The three main devices (symbols) in the Hammersley blazon are the ram, griffin and cross crosslet fitchee. The two main tinctures (colors) are gules and or.
Red in heraldry is given the name Gules, sometimes said to be the “martyr’s colour”1. The colour is also associated with Mars, the red planet, and the zodiacal sign Aries 2. Later heralds of a more poetical nature would sometimes refer to the colour as ruby, after the precious stone.3.
Or is the heraldic metal Gold, often shown as a bold, bright yellow colour. It is said to show “Generosity and elevation of the mind” 4. Later heralds, of a more poetic nature liked to refer to it as Topaz, after the gemstone, and, for obvious reasons associated it with the Sun 5. In drawings without colour it is usually represented by many small dots, or by the letter ‘O’ 6.
Both the Ram and the ram’s head appear in heraldry, depicted in a lifelike aspect. 7 Wade assigns it the meaning of “leader” on account of its role within the flock. 8 Wade quotes Nichols in suggesting that it most resembles the primrose, which “brings good luck to the finder”. 9
In the mediaeval period there was no real percieved difference between real and mythical animals, after all, much of the world remained unknown and who was to say what strange and magical creatures existed in distant lands? As heraldry developed a whole menagerie of imagined creatures 10 came into being, and their various representations became more or less standardised in form and appearance. The griffin is perhaps the most common of these creatures, being a chimera with the body of a lion and the head and wings of an eagle. 11. It is most often in the pose known as rampant segreant, on its hind legs with claws and wings extended. Vinycomb has much to say on the subject of the griffin, perhaps summarised in his belief that it represents “strength and vigilance”.]12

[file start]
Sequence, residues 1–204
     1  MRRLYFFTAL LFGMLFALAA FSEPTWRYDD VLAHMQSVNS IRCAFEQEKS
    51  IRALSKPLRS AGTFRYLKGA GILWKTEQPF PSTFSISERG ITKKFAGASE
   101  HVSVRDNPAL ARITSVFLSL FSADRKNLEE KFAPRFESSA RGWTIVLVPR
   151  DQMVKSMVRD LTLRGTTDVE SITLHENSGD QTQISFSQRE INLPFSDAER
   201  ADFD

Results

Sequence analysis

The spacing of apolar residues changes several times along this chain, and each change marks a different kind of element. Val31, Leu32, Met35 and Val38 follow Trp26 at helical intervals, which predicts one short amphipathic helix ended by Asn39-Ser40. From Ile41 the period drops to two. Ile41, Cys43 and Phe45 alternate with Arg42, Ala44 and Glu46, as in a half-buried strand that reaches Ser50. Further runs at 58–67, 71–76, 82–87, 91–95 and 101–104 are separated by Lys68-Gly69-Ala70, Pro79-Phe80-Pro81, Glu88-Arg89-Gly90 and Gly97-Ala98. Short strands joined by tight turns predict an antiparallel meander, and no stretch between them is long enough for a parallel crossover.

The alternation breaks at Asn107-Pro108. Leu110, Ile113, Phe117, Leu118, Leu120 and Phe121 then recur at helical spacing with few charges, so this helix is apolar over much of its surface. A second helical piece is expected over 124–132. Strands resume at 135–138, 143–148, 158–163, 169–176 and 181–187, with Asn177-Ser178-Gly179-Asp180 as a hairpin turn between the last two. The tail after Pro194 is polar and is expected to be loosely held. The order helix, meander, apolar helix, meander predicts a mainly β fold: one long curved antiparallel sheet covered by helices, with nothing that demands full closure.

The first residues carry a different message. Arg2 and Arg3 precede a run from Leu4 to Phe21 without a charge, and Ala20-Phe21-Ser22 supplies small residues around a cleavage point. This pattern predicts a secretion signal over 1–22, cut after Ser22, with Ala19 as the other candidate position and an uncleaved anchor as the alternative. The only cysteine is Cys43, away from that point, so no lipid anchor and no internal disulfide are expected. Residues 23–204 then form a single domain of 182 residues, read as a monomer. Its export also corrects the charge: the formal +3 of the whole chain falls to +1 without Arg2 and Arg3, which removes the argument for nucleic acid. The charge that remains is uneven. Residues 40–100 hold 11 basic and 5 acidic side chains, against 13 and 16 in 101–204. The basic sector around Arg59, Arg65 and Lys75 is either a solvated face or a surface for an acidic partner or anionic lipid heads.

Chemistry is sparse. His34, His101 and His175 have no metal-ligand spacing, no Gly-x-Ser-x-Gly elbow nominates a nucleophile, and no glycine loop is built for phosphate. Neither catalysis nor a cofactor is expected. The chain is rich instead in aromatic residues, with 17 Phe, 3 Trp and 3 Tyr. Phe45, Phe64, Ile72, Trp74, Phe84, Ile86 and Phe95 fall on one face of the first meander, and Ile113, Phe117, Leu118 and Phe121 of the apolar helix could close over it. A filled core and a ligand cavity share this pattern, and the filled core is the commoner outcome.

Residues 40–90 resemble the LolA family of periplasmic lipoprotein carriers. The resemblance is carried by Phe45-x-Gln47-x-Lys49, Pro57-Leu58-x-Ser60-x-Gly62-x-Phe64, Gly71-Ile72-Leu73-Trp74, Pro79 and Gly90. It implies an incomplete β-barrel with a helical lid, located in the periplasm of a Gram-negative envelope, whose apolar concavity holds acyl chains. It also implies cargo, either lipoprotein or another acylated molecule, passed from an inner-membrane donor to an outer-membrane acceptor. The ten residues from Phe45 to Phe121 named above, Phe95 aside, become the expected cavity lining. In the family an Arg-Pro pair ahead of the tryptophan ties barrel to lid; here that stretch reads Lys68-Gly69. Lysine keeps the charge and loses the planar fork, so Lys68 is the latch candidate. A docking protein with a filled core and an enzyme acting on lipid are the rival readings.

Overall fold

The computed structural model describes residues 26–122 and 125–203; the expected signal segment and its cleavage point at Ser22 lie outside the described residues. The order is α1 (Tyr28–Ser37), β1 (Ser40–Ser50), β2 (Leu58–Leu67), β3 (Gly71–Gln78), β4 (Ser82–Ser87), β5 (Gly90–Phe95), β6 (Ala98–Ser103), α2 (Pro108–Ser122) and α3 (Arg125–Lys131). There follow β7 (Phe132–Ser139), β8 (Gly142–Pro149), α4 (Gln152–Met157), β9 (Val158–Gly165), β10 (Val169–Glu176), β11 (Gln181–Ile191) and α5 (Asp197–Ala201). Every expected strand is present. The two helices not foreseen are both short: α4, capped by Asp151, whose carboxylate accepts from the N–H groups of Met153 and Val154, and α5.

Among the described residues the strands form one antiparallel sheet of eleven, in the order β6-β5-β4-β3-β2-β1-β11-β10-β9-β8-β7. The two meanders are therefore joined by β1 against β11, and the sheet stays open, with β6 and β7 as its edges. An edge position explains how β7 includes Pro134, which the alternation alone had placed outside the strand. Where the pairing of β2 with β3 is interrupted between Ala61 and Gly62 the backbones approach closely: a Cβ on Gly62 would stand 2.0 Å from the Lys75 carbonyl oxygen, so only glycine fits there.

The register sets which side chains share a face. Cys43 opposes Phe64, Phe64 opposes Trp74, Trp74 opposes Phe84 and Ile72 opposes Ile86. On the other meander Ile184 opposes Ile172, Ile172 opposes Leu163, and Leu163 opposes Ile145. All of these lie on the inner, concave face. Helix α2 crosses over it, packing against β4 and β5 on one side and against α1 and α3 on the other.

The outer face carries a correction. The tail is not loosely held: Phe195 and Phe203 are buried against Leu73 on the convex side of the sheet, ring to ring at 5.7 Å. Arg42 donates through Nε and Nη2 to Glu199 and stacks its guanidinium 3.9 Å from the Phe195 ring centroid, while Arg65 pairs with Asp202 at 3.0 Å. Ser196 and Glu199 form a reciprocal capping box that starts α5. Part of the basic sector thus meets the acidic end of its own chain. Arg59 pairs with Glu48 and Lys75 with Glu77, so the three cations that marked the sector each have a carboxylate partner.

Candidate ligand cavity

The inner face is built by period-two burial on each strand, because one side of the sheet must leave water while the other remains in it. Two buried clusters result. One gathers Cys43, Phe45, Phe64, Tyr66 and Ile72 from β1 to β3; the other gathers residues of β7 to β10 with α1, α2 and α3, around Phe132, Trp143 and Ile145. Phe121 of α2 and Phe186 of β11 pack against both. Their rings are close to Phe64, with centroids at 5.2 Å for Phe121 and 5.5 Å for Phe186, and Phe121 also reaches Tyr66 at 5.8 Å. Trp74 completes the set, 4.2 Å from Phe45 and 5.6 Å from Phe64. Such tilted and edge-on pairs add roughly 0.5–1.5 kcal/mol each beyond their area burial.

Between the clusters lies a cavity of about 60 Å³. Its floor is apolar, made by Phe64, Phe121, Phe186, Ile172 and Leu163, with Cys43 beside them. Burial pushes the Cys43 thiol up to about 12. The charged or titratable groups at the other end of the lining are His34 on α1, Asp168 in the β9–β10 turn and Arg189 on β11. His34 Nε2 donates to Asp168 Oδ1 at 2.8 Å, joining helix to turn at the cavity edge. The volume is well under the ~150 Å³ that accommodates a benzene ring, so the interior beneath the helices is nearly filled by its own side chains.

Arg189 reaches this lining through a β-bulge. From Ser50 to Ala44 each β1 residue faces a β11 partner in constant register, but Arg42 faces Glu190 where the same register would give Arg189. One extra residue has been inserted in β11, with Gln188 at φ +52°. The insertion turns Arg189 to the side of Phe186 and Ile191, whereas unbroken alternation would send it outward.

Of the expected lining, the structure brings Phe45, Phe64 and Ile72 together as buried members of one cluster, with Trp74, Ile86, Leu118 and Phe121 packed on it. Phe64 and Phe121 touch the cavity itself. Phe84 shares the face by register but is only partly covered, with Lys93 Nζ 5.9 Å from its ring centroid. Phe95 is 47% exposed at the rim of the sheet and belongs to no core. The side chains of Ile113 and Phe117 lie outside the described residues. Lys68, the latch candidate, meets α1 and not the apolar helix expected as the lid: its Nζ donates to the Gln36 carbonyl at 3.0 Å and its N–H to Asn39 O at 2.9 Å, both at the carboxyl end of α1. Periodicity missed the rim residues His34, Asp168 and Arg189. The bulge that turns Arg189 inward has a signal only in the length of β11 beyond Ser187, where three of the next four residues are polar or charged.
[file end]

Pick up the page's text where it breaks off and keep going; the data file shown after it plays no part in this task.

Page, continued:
No other symbol appearing in heraldry is subject to as much variation as the cross 13. Mediaeval Europe was a deeply religious and Christian and many of the nobility wanted to show their devotion by adopting the symbol of the cross as part of the arms. Since no two arms could be identical there arose many variants of the cross. The cross crosslet is one of these, having an additional cross bar on each arm. 14 Wade suggests that these additional crossing signify “the fourfold mystery of the Cross”. 15 The final addition fitchee simply means pointed, and indicates that the lower end is pointed, as if it is to be struck into the ground. 16